Despite decades of political rhetoric, the promise of a thriving Little Havana — a neighborhood with character, history and unique architecture — always stalled along the way.
Artists and galleries moved in, breathing new life into Calle Ocho and restoring 1920s bungalows in the surrounding neighborhood. A lovely Art Deco theater, the Tower, was restored, offering an acclaimed international program. A last-Friday-of-the-month art walk grew up around the action.
Studies of the enclave’s potential for historic designation were done (and shelved). Books were written; oodles of tourists have visited, although not long enough to soak up all the history.
Through it all, the City of Miami seemed to never be able to round up enough resources or partners to take Little Havana to the next big step.
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Instead, the city allowed empty, overgrown lots to exist when, only a few blocks away in another neighborhood, they were unthinkable. Landlords weren’t forced to keep up their rental properties. Why was there little code enforcement — and no interest in giving official historic recognition to one of Miami’s oldest communities?
It was as if Little Havana were the city’s Cinderella neighborhood, a princess who had to be kept hidden in tattered maid’s clothing.
Now, with competing proposals to up-zone the Riverside-Little Havana area and to confer historic preservation to East Little Havana, we might be starting to learn the answer to those questions: With the overdevelopment of the nearby Brickell Avenue district and downtown Miami topping off, Little Havana is now primed for the raping.
And, throughout those years, well connected people bought undervalued properties cheaply. Now these property owners want to cash in and make big bucks by getting zoning changes that will allow high-rises, from five to eight and even 12 stories in some cases, irrevocably altering the character of the area.
In other words, it’s the making of a Brickell West at the expense of people who love their neighborhood, a mix of working class, creative class, low-income and immigrant.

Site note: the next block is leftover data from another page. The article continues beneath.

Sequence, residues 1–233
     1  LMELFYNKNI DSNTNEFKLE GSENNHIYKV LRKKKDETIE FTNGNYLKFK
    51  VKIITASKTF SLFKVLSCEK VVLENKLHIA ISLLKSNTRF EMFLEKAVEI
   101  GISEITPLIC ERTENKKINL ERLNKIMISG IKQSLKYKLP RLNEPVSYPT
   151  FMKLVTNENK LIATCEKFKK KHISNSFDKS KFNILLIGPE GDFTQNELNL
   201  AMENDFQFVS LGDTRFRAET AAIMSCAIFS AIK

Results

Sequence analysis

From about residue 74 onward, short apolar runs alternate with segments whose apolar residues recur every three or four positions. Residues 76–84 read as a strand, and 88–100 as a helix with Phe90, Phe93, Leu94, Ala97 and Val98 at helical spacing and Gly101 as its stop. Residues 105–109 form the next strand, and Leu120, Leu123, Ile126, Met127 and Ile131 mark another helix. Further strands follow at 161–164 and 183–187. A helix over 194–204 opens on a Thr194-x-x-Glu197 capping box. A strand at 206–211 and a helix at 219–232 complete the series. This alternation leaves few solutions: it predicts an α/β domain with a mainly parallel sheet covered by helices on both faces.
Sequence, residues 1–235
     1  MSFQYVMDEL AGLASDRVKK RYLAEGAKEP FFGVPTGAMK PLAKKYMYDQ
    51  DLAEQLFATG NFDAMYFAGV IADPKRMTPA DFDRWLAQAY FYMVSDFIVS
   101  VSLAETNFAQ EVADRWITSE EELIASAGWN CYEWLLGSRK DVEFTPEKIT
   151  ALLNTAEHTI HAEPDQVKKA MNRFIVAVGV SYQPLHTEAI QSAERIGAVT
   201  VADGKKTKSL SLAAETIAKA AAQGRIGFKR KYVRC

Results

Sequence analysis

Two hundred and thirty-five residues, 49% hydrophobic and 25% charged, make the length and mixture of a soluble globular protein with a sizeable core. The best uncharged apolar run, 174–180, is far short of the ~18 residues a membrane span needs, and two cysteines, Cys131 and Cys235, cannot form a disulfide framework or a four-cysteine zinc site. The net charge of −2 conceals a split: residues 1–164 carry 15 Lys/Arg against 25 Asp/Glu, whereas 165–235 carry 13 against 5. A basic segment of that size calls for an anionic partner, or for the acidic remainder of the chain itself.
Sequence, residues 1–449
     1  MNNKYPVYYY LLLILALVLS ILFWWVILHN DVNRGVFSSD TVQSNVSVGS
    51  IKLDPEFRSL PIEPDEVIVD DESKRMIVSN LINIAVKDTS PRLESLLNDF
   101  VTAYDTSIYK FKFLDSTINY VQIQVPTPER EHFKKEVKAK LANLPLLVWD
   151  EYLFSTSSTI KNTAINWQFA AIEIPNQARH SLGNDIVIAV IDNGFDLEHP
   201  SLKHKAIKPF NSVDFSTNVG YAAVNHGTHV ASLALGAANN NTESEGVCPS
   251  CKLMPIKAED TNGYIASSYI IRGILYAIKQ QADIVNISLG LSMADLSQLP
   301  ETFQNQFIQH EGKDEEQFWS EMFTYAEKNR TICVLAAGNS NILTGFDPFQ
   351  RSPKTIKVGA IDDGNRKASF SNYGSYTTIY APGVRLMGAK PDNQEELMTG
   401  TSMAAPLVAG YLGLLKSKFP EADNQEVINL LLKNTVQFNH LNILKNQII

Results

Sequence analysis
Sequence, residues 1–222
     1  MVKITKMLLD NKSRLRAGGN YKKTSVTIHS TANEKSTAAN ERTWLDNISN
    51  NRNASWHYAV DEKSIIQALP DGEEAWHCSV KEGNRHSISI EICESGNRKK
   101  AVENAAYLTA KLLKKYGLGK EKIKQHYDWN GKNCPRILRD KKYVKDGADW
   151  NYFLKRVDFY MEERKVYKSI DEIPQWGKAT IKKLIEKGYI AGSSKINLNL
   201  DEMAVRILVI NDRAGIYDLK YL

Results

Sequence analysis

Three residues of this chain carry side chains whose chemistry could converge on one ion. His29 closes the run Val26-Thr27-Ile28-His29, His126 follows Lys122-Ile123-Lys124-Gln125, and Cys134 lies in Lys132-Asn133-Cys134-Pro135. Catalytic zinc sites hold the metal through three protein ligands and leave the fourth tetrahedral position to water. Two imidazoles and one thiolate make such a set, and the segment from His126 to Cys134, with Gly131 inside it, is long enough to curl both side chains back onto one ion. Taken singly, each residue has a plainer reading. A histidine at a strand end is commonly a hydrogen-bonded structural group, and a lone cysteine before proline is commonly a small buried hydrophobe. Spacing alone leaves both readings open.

“Where does this come from out of the blue?” asks Marta Laura Zayas, an elementary school teacher leading one of the grassroots efforts against up-zoning and for historic designation. She and her “Friends of Little Havana” group define the area’s borders as the Miami River to the north, Southwest 11th Street to south, Southwest 37th Avenue (the iconic Versailles area) to the west and ending in I-95 to the east.
It’s not too late to save Little Havana — in fact, the time is now.
There’s no reason for the City of Miami to deny Little Havana — not only the east side but all of it, including the Riverside area — historic designation.
Not all of the historic treasures are within sight, but they’re undeniable.
“I call it the Cuban Plymouth Rock,” historian Arva Parks tells me. “"It’s the perfect preservation story because there are so many layers of history.”
A significant slice of the Miami narrative has unfolded in these streets.
People may remember most the massive marches along Calle Ocho of a people fighting for the lost homeland, and on the other side of the spectrum, an annual carnival-styled festival in March full of cultural color and music, the largest Hispanic event of its kind in the country.
But this enclave of unique historic homes and low-rise buildings also has been the setting of Miami-made literature and visual arts, and has long been part of Greater Miami’s food culture and music scene. It has even made a unique imprint on fashion.
Here, the humble guayaberas worn by men in Cuba were turned into must-have crisp linen only-in-Miami accessories for women and children as well. Here, the fusion music of Grammy-nominated PALO! was popularized. Here, the barbershop may change hands, but it delivers the kind of cuts and ambience that attract a LeBron James and the latest arrival from Cuba.
Communities of Jews, Cubans and Central Americans settled in the area’s bungalows and Mission-style and Art Deco-accented homes. But it’s the Cuban immigration history of the past 56 years that has given the area’s sense of community its staying power.
Cultured visitors to Miami want to see two things — Art Deco and Little Havana, Parks notes. Miami Beach has done a good job of preserving its architectural style, but when it comes to Little Havana, the tour buses make a pit-stop for a little kitsch and cafecito.
Yet there’s so much more here.
“In no other American city has an immigrant group ascended to political power in one generation,” says Parks, who grew up on a bungalow on Third Street and 13th Avenue and lived there until she was 9. “It’s not just Cuban history. It’s American history and it needs to be told.”
A designation to protect all of that history is long overdue. The time to fight for it is now, starting with Tuesday’s 3 p.m. meeting of the City of Miami Historic Preservation Board. A petition drive also has been launched at chn.ge/1G1lCTe
Saving Little Havana shouldn’t be so complicated.
All it takes is replacing avarice with political will — and developing an appreciation for the unique architecture, the people and the stories that make a city what it is: home.